See related editorial, "Recognition of Cognitive Problems in Older Adults by Emergency Medicine Personnel.". Study objective: To determine the prevalence of delirium and other alterations in mental status in older adults in the emergency department setting. Design: Prospective, cross-sectional study. Setting: Private, nonprofit, academic medical center in a densely populated urban area. Participants: One hundred eighty-eight adults 70 years or older who presented to the ED. Interventions: None. Results: Delirium and other alterations in mental status were present in 39.9% of the patients studied; 24% of these patients had delirium. Age and severity of illness were positively correlated with alteration in mental status. Patients with alterations in mental status were more likely to be admitted to an inpatient unit. Among those admitted from home, alterations in mental status in the ED were associated with a higher likelihood of institutionalization at discharge. Conclusion: Alterations in mental status are prevalent in ED patients. Older adults with alterations in mental status, particularly alterations in consciousness and delirium, are at high risk for admission to an inpatient unit and institutionalization after discharge. Standardized mental status testing identified high-risk older adults in the ED. [Naughton BJ, Moran MB, Kadah H, Heman-Ackah Y, Longano J: Delirium and other cognitive impairment in older adults in an emergency department. Ann Emerg Med June 1995;25:751-755.].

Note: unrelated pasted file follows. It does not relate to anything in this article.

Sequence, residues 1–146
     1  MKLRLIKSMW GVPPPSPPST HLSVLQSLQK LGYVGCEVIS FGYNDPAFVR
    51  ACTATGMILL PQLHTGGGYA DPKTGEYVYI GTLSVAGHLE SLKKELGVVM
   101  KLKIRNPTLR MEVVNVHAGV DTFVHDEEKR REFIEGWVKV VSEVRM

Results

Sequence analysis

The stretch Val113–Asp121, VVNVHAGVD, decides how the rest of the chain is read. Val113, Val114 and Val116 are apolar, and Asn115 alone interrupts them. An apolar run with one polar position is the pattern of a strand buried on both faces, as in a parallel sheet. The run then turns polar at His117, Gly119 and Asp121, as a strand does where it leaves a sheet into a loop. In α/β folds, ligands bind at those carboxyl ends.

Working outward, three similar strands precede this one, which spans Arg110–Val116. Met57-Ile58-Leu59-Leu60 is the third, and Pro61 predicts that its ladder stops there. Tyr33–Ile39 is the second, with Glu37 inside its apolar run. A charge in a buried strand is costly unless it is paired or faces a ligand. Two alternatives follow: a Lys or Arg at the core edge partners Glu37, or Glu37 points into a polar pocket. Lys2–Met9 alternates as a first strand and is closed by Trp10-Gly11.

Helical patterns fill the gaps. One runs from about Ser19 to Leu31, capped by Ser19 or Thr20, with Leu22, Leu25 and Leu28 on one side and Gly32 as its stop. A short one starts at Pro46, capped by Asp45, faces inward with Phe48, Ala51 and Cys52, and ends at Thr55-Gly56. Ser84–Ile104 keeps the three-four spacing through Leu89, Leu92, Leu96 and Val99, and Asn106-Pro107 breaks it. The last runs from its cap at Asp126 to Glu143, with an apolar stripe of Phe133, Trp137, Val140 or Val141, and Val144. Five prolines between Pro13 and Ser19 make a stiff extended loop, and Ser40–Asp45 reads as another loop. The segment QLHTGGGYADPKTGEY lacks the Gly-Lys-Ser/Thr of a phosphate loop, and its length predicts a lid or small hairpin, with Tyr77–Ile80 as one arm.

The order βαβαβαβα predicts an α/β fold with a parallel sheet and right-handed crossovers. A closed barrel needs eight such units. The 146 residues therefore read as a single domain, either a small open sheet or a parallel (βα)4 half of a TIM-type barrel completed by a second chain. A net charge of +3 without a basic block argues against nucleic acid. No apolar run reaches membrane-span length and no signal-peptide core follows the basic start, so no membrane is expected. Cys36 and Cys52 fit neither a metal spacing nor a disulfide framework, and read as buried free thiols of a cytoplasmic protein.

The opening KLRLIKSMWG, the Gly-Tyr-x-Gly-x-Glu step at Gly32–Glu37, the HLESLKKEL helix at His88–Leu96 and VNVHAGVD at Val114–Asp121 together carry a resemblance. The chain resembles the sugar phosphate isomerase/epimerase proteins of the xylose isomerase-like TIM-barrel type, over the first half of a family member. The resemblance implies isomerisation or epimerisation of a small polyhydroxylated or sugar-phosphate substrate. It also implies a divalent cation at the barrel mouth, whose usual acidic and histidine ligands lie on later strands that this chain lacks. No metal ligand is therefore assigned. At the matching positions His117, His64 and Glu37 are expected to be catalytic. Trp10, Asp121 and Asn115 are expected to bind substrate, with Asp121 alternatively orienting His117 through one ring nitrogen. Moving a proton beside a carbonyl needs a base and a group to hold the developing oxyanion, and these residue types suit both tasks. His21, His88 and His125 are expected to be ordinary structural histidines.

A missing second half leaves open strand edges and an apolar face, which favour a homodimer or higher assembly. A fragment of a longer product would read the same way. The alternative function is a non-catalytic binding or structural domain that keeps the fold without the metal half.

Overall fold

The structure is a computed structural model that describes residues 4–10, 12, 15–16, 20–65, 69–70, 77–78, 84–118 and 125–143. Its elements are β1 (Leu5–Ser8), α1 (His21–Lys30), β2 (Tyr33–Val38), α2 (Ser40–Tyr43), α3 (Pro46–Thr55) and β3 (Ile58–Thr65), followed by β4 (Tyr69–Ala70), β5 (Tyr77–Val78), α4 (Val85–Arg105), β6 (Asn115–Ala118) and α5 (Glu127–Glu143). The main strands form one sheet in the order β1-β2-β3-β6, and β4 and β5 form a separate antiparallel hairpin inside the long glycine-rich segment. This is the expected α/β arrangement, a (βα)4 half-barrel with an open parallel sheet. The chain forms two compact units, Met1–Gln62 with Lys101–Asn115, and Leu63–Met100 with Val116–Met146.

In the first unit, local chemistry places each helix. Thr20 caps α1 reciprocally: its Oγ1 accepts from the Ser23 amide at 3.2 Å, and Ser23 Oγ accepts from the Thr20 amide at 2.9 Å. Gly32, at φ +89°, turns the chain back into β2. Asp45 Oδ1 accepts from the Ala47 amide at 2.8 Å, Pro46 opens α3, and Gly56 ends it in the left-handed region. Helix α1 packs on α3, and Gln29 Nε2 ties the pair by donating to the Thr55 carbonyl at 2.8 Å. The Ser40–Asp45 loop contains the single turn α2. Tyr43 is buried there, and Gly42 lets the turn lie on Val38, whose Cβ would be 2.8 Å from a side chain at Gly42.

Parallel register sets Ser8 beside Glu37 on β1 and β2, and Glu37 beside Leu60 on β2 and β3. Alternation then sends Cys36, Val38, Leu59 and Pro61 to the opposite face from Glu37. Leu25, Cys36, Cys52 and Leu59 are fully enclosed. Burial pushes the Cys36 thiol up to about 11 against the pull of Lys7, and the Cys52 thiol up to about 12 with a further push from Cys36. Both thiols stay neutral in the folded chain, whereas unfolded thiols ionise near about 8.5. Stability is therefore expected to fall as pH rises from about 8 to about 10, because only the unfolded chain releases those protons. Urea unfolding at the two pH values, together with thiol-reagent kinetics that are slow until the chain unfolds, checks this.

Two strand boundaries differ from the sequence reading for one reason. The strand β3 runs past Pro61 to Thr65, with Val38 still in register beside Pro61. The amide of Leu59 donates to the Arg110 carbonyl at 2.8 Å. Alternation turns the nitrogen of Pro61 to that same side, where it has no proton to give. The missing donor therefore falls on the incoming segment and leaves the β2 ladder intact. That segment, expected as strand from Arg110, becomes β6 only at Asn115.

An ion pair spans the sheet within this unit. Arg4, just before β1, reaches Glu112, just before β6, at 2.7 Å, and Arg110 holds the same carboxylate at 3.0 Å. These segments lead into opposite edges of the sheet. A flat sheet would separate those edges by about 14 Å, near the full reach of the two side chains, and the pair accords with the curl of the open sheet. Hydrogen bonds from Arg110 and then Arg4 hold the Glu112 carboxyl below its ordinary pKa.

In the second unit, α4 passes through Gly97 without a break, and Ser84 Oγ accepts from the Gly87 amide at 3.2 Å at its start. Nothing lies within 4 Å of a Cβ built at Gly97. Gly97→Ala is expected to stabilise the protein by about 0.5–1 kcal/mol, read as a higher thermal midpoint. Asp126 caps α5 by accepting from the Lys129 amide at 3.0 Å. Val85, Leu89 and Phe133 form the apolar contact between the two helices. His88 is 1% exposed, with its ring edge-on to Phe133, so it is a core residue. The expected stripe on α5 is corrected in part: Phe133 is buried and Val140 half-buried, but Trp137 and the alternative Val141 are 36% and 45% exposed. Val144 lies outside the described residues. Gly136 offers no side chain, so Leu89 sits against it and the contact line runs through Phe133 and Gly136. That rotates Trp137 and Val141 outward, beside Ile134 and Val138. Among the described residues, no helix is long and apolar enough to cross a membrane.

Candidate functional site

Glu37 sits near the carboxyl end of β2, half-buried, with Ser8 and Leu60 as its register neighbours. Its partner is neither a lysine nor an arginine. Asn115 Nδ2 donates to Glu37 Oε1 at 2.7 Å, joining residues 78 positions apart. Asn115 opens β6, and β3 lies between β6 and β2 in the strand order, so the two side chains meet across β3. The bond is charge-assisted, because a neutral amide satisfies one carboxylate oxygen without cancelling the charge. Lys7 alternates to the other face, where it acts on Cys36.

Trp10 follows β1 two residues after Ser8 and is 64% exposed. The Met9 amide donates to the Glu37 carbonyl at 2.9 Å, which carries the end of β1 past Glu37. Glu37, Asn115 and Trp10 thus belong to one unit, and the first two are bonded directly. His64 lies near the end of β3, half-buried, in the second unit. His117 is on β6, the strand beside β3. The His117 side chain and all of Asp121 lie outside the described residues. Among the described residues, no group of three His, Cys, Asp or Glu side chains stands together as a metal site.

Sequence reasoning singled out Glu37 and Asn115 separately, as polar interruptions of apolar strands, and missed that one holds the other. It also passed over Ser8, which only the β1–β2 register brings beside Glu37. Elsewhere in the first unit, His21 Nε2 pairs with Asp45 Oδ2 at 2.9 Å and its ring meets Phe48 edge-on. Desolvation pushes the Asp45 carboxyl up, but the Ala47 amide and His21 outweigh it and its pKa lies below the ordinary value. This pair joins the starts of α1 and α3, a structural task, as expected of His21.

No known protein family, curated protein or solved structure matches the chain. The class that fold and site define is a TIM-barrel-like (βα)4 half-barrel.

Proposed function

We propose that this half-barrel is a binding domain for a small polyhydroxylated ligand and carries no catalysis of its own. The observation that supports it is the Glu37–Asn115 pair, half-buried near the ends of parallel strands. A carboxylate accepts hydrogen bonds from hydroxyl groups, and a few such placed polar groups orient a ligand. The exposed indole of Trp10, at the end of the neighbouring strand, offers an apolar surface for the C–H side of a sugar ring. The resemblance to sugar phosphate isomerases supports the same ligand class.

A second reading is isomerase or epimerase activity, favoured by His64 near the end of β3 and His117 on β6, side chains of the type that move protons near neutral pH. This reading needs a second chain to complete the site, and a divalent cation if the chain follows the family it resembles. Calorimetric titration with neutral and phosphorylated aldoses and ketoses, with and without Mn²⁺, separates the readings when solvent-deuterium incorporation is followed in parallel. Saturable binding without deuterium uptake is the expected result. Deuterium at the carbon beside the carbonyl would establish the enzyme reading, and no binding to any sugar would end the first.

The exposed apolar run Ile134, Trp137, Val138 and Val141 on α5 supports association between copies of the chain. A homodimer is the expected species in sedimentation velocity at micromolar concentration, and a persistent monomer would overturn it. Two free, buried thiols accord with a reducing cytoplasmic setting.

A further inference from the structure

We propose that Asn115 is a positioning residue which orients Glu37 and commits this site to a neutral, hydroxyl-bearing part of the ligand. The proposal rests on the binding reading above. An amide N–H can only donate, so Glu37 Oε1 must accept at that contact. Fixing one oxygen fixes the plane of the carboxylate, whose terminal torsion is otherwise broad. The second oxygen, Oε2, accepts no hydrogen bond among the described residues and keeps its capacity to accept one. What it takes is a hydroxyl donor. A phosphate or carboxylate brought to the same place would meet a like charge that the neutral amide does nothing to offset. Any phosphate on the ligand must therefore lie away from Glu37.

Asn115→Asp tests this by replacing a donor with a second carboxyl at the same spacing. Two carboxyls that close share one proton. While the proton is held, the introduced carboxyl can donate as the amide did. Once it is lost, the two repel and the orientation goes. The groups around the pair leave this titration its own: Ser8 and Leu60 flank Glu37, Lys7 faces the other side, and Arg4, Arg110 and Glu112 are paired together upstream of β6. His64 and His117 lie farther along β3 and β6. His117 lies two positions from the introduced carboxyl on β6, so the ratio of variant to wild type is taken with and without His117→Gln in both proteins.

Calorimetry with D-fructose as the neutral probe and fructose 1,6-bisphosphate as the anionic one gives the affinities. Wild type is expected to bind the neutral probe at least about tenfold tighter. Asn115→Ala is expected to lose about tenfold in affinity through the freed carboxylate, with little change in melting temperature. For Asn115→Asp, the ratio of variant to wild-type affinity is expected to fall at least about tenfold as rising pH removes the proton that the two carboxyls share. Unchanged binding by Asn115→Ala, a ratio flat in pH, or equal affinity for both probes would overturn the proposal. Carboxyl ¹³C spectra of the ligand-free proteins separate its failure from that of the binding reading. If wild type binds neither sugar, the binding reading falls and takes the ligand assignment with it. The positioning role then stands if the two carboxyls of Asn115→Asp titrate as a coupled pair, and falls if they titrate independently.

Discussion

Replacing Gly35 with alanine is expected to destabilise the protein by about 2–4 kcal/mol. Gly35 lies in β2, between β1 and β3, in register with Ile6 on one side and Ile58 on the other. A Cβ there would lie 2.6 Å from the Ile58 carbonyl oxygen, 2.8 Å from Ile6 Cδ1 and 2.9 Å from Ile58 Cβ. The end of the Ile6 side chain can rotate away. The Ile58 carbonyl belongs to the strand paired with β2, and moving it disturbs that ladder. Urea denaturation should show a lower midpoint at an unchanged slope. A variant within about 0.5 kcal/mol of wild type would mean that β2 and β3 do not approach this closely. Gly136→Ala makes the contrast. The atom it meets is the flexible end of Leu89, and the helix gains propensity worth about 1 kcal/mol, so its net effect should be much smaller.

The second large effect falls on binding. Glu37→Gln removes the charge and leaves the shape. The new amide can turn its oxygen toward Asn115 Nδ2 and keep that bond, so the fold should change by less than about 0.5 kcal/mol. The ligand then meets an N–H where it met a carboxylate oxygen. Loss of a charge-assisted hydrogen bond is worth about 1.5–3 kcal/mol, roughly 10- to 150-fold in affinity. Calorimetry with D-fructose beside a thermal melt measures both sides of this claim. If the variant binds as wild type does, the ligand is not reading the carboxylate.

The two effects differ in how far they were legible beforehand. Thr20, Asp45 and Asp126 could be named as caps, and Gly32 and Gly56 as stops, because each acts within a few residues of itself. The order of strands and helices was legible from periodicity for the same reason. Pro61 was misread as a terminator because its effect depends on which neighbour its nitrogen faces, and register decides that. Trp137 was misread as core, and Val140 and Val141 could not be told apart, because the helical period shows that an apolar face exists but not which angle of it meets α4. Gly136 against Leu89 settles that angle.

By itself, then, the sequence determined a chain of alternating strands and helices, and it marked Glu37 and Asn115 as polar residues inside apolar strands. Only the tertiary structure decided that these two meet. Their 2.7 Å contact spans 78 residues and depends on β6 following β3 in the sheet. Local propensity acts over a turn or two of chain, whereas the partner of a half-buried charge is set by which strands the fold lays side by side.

ASJC Scopus subject areas
- Emergency Medicine